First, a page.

Rabbi Ruth Abusch-Magder is passionate about eradicating racism in Jewish spaces. Several years ago she was in conversations about whether stationing police as security outside synagogues would deter Black Jews.
But for the community rabbi in Atlanta, those considerations are a thing of the past. The questions now are not whether there should be security, but whether they should be armed with automatic rifles and how many officers should be stationed. The primary concern is safety.
“Those conversations right now are really in the rearview mirror. How does this make other people feel? That’s too bad, because we don’t have that luxury right now,” Abusch-Magder said.
Across the country in San Diego, Tazheen Nizam has also been dealing with safety concerns. On October 12, the local Islamic Center was covered in posters depicting Israelis kidnapped by Hamas — a tacit accusation of involvement and blame. As the executive director of the San Diego chapter of the Council on American Islamic Relations (CAIR), she’s seen how these types of Islamophobic actions, where all Muslims are held accountable for the actions of those half a world away, have heightened the community’s fear.
“People are saying, ‘Hey, if an Islamic Center, which is so visible you could see it off the 805 when you drive down, can be targeted — someplace which is monitored 24 hours a day, by video cameras that are functioning inside — if that place can be targeted, then a single sister wearing a hijab walking down the road can be targeted at any time,” Nizam said.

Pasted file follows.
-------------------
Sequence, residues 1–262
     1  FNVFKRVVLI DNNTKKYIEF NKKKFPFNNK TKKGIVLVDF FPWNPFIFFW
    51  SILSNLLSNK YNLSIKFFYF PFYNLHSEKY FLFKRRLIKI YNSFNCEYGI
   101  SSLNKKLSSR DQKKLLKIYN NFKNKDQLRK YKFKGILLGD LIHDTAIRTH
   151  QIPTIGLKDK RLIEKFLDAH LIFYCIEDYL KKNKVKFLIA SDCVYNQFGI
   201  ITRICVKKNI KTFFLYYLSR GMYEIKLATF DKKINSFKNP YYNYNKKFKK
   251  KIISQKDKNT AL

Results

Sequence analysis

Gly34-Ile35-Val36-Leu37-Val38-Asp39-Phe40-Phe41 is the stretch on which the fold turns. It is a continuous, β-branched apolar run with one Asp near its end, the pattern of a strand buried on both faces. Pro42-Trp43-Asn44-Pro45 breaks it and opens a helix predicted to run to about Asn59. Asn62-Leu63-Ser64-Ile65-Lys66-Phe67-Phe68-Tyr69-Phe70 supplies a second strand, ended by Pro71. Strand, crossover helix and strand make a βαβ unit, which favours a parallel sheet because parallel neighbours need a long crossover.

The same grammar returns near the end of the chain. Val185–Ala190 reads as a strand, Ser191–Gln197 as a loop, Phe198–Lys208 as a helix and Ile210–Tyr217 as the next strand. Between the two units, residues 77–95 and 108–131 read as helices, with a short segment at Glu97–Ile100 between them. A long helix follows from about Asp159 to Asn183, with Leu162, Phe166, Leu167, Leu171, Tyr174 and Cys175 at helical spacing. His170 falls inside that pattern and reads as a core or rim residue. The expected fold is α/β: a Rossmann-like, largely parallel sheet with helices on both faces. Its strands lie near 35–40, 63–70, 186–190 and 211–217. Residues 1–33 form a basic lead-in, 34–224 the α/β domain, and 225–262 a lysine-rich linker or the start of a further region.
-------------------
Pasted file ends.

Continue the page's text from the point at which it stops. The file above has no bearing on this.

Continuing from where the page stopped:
Antisemitism and Islamophobia are nothing new in the United States, but hateful rhetoric and action has risen following the October 7 Hamas attack in Israel and the country’s subsequent declaration of war on the group. The Israeli Foreign Ministry reported 1,200 people killed in the attack; approximately 240 were kidnapped, and the vast majority remain hostages. In the weeks since, Israel has led an extensive bombing campaign in Gaza that has killed over 11,000 Palestinians, per Gaza’s Health Ministry, and thousands more are missing. Children are at least 40 percent of the death toll. Military airstrikes have also hit the West Bank, the territory governed by the Palestinian Authority.
Stateside, women leaders are navigating security concerns while engaging in political action. They are caretakers of their communities as gender, religion and visibility collide to make no place feel safe.
As the executive director of the Orlando chapter of the Muslim Women’s Organization (MWO), Fatima Sadaf Saied said the group’s primary concern is raising awareness about how what is happening abroad is impacting local Palestinian and Muslim women. The chapter is amplifying work by local Palestinian women and encouraging its members to show their support at political actions and rallies.
“We’re really encouraging our women to be mindful and stick together as much as possible, but still show up whenever they can,” Saied said. She encourages women to carpool and walk in groups for safety reasons. The chapter’s headquarters has served as a place for women to meet up before attending an action as a larger group.
Saied said the chapter has been sharing information about safety with its members through email lists and social media. The group previously hosted self-defense classes from the organization Malikah that specifically focuses on self-defense for Muslim women, giving tips that include how to deal with an attacker attempting to pull off a hijab.
Saied has always been aware that her hijab could make her a target for Islamophobic attacks, but she is even more wary now. Her husband worries, too; he recently cautioned her not to even make eye contact with other drivers when at a red light for fear they will become aggressive. The concern is real, as drivers have yelled at her and made rude gestures before.